Source: Khmer Times
In celebration of yesterday’s International Women’s Day, Amnesty International released an article profiling six female activists in Southeast Asia and the persecution they face, including prominent Cambodian land rights activist Tep Vanny.
All six women – from Malaysia’s Maria Chin Abdullah, who was detained without trial and held in solitary confinement for 11 days, to the Philippines’ former senator Leila de Lima – have faced imprisonment, harassment and arrest and have worked to highlight human rights abuses in the region.
Champa Patel, Amnesty International’s director for Southeast Asia and the Pacific, said the women’s activism should be commended rather than condemned.
“In Southeast Asia, there are few governments which can be proud of their human rights records, but there are countless women across the region who have braved great dangers to take a stand against injustice,” she said.
Human Rights Watch’s annual report, released in January, noted a severe deterioration in human rights in Southeast Asia by current governments,.
In Cambodia’s case, it noted “a significant escalation on political ground by the government of Hun Sen to target the opposition, human rights workers, social activists and public intellectuals based on political views towards the government.”
Ms. Vanny was sentenced to two years in prison last month on charges related to a protest in 2013, when she and other activists attempted to deliver a petition to Mr. Hun Sen, asking to free fellow activist Yorm Bopha.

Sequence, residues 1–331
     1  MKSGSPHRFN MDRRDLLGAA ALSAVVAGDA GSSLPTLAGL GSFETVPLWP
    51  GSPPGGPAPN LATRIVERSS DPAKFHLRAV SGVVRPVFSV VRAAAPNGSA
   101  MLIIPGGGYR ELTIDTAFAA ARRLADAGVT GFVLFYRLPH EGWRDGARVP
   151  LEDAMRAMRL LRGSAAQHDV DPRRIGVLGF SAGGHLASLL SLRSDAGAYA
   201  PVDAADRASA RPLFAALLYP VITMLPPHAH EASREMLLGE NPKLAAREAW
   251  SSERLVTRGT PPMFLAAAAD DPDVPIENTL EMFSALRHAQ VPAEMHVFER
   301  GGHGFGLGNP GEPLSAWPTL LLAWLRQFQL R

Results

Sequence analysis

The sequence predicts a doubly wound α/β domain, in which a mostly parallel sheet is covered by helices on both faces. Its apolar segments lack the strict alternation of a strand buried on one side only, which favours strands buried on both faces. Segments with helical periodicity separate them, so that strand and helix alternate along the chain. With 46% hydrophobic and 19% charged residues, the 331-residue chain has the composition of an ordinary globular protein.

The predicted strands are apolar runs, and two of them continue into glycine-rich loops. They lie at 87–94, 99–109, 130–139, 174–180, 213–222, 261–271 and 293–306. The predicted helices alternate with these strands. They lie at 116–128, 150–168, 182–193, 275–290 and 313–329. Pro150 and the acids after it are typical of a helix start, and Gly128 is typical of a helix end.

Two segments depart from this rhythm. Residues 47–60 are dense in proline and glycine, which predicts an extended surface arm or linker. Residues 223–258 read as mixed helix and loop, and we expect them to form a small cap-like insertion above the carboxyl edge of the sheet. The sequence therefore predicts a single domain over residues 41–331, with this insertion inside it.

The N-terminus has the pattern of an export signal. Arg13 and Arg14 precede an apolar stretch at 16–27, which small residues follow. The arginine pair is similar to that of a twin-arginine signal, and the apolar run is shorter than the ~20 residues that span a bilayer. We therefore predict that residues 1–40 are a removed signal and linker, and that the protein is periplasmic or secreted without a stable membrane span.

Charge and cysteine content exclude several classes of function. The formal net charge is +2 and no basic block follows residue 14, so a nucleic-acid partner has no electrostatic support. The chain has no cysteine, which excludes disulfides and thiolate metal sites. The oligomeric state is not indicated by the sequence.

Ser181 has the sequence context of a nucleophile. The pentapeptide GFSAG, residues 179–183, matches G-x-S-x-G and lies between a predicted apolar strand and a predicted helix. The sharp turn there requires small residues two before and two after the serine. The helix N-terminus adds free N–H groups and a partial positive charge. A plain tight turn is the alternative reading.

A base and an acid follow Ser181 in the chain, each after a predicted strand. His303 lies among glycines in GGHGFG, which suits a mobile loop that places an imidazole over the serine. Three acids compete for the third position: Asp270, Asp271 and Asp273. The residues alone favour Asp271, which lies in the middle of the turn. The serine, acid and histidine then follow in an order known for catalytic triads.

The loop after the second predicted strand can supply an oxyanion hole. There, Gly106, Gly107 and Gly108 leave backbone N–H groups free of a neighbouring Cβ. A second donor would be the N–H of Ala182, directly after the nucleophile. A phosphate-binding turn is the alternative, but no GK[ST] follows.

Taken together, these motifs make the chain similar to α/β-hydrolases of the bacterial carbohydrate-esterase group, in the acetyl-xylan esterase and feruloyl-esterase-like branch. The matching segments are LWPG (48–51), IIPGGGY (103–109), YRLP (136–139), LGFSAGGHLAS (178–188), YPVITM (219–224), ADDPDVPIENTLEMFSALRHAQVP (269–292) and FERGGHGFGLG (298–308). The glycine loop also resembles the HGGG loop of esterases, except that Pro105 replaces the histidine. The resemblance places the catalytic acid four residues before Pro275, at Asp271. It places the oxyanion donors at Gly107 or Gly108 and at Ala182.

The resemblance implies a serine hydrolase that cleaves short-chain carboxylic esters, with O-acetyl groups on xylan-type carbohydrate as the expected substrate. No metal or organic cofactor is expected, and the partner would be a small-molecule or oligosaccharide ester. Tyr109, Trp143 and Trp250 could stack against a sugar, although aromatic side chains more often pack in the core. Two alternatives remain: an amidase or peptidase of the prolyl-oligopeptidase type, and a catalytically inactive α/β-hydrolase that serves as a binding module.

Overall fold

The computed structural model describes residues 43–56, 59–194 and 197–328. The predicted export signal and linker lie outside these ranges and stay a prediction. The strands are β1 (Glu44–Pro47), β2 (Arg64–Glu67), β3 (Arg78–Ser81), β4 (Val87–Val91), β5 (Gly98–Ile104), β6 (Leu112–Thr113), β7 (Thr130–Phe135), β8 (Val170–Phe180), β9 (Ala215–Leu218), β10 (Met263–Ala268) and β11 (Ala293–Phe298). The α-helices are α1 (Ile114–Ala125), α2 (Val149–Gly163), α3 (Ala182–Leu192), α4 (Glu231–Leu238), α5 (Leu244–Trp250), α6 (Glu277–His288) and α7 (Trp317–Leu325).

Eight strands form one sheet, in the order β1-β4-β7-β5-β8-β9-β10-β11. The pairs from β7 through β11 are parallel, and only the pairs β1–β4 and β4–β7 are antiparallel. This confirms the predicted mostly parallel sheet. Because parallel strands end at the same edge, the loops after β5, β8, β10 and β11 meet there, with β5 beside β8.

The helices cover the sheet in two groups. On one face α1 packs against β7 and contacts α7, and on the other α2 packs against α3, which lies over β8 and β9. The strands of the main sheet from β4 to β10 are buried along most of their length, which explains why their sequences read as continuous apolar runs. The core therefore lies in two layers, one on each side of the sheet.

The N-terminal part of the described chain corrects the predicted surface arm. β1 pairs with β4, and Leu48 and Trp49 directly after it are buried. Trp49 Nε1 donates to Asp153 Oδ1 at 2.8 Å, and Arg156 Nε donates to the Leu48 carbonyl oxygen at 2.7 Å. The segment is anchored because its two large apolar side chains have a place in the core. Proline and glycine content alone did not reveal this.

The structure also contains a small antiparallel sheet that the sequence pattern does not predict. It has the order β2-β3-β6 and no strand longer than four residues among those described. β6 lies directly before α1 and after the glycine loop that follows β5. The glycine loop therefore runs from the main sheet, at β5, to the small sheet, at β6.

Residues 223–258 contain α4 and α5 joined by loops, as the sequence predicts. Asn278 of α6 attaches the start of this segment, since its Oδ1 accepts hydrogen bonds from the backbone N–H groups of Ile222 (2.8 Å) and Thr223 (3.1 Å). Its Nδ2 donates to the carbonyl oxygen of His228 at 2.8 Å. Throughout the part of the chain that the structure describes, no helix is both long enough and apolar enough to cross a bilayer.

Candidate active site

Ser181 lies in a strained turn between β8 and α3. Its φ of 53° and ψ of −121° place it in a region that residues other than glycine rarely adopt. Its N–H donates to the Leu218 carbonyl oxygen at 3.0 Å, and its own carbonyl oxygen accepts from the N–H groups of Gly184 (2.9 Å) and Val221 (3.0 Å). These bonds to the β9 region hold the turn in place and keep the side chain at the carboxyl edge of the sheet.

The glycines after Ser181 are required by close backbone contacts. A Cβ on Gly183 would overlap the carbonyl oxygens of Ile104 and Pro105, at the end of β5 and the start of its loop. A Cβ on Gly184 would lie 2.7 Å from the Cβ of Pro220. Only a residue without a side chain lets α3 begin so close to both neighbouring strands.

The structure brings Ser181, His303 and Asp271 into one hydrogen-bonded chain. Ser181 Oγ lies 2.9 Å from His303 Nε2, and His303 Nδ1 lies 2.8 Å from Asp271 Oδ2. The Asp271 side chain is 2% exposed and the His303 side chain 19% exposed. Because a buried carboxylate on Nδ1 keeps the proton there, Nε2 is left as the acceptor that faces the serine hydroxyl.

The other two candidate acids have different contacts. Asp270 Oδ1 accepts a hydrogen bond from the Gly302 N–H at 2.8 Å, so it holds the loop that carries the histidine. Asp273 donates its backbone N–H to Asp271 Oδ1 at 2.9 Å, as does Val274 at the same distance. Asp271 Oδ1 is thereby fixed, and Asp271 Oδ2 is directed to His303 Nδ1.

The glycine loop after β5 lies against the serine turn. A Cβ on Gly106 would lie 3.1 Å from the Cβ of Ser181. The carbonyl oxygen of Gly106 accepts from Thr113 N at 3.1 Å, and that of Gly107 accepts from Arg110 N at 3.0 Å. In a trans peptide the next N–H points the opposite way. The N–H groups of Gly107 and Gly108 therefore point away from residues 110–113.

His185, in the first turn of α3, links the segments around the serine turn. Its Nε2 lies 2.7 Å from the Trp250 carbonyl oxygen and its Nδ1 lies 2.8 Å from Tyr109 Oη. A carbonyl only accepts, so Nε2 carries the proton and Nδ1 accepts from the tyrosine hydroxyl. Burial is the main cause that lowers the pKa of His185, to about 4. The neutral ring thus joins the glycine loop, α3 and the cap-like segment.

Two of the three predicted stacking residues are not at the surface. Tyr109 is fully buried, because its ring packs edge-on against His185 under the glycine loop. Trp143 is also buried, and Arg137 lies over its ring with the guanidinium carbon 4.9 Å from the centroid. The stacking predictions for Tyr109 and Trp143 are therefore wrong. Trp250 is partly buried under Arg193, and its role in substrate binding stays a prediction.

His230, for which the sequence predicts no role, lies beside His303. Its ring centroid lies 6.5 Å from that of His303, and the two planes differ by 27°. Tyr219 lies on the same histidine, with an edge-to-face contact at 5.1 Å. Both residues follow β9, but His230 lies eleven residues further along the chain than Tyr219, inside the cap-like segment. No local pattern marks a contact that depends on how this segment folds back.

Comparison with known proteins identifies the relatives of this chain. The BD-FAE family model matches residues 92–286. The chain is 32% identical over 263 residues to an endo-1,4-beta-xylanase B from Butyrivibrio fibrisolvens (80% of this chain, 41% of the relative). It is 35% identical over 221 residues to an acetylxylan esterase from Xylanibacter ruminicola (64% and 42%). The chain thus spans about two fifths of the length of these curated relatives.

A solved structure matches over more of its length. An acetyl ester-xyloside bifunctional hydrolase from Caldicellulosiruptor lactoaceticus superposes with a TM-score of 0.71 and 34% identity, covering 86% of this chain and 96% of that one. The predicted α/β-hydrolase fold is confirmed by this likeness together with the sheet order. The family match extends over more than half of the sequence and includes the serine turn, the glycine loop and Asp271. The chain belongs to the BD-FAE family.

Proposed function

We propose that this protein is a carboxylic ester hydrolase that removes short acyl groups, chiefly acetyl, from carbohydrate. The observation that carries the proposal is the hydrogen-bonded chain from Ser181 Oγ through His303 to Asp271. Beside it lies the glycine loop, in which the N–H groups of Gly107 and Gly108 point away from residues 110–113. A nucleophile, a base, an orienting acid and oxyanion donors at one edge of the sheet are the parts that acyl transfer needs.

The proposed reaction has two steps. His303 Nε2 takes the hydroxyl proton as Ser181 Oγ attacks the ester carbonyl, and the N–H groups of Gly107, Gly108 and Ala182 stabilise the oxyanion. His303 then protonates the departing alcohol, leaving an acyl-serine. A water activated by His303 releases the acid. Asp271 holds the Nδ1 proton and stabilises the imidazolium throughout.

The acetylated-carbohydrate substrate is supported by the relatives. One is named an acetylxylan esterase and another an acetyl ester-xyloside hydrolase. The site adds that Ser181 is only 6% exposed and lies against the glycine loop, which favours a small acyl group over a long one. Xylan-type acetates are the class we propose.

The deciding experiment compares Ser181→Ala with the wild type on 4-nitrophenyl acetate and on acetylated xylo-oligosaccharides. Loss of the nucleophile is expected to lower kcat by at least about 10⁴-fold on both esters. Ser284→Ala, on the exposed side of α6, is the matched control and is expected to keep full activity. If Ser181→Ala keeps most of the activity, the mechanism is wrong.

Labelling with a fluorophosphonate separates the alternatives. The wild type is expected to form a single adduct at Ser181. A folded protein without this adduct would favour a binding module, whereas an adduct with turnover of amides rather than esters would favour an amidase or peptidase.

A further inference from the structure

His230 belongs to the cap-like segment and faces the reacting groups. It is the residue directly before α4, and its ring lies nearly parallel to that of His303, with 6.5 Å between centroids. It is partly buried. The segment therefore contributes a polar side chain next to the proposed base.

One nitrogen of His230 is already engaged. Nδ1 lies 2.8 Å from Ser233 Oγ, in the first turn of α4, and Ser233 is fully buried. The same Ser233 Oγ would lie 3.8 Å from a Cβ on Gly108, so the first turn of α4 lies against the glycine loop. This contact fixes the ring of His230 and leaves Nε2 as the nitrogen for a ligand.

Last month’s sentencing was the latest in a string of arrests and detentions for the activist, who has been protesting against the forced evictions of people from the Boeung Kak Lake area for the better part of a decade.
The Cambodian Center For Human Rights, which released a joint statement last month condemning Ms. Vanny’s latest charges as arbitrary and politically motivated, held a women’s day event featuring a photo gallery of 19 female human rights defenders, including Ms. Vanny.
In a statement earlier this week, the center emphasized the importance of women’s advocacy in human rights in the kingdom.
“A large proportion of Cambodia’s activists and human rights defenders are women, and as community leaders and civil society activists they play a vital role in the promotion, strengthening and protection of human rights,” the center said.